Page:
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Adversary Proceeding in Bankruptcy

What is an Adversary Proceeding?

An adversary proceeding in bankruptcy is basically a separate lawsuit within the bankruptcy case. An adversary proceeding can be brought by either a creditor or debtor, but is typically brought by a creditor.

A creditor typically brings an adversary proceeding because it believes the debt to it alone should be nondischargeable in the bankruptcy case, or the debtor’s entirety of debts should be nondischargeable as to all the creditors.

That creditor would typically bring this action if it believes the debtor incurred the debt through fraud, or perhaps the debtor destroyed documents related to the case, or the debtor was misleading in its representation of its assets to the court.

Another scenario the creditor could bring the action is if the debtor incurred the debt through a motor vehicle accident caused by alcohol use.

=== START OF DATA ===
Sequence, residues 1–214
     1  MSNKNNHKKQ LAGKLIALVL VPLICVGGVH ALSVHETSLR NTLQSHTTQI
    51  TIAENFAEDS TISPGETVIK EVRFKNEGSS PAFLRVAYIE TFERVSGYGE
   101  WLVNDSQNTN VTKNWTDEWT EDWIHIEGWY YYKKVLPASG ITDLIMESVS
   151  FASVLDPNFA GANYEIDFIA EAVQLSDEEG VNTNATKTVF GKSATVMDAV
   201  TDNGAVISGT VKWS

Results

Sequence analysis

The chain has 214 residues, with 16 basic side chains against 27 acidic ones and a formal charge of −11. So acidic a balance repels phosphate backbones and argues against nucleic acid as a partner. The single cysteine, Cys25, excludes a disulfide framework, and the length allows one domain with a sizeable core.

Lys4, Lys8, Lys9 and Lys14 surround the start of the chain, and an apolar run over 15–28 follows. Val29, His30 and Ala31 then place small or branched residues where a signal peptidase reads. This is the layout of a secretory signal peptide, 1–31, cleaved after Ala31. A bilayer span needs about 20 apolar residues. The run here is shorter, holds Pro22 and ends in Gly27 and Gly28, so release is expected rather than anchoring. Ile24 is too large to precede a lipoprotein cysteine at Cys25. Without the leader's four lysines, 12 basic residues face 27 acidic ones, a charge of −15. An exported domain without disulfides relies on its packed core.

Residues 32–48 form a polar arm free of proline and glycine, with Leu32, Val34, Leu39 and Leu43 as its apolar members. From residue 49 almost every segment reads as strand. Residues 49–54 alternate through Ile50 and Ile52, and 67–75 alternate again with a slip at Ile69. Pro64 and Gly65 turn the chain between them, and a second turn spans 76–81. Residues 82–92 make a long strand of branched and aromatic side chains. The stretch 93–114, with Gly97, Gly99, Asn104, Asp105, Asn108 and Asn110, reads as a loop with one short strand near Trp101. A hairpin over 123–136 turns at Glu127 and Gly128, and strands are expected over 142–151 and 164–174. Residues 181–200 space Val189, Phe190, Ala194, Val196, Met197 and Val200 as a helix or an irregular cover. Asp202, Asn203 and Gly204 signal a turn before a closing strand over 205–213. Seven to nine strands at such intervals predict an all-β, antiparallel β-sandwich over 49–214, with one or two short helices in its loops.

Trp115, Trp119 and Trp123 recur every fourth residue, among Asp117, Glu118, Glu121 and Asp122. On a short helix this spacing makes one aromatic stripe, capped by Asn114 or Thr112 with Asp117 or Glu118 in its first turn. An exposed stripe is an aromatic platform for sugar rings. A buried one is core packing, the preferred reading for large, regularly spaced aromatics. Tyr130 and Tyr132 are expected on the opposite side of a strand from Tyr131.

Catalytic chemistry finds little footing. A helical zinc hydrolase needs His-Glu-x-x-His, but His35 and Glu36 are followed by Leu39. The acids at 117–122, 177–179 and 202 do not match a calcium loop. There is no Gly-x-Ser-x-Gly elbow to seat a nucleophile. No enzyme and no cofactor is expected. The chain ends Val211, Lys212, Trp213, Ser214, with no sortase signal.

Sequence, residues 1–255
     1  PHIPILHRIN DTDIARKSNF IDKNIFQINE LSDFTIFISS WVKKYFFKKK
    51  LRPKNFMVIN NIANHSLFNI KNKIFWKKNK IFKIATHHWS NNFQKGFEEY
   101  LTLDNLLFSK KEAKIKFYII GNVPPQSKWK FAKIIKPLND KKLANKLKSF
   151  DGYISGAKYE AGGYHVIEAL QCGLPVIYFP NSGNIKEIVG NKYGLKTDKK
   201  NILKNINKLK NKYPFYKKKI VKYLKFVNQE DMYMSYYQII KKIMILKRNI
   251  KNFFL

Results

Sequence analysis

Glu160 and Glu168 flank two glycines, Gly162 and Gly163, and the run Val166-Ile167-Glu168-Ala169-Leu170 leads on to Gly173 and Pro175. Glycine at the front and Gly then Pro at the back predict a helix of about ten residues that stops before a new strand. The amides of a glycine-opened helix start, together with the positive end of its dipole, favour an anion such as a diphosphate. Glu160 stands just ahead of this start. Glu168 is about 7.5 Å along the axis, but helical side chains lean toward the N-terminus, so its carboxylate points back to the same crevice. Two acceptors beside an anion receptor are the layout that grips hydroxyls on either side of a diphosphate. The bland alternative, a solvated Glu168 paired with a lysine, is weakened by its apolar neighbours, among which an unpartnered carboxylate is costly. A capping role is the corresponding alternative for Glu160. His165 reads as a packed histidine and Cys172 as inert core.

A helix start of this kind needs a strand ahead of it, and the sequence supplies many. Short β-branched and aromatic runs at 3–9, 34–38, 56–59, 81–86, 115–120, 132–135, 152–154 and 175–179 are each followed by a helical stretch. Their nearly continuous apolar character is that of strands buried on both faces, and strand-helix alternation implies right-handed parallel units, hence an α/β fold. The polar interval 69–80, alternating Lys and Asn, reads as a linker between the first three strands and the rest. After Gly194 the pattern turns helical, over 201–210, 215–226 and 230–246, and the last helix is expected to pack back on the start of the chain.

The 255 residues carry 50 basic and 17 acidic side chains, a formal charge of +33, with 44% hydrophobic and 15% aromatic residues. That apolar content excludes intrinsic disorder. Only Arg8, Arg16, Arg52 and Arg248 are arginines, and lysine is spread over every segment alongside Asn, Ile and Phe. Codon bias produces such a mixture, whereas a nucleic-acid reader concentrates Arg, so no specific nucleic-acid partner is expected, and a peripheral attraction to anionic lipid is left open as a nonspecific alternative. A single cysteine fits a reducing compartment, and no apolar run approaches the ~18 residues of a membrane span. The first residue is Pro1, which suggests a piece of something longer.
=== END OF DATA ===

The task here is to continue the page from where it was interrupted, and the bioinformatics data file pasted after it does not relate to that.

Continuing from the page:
A debtor on the other hand could bring an adversary proceeding because the creditor is violated the debtors rights after the bankruptcy case was filed. Perhaps the creditor repossessed the debtor’s car after the case was filed in violation of the automatic stay.

Another scenario a debtor might bring an action against the creditors to seek a determination that the debt is dischargeable. The debtor could bring action against the student loan company or the IRS to argue its debts to them or should be discharged.

An adversary proceeding is a lawsuit that separate from the bankruptcy case even though it involves the bankruptcy case. The debtor or the creditor would initiate the lawsuit by filing a complaint and then the other party would have 30 days to answer. From there, the case would proceed just like an ordinary lawsuit with discovery and then eventually a hearing on the facts and a determination by the judge

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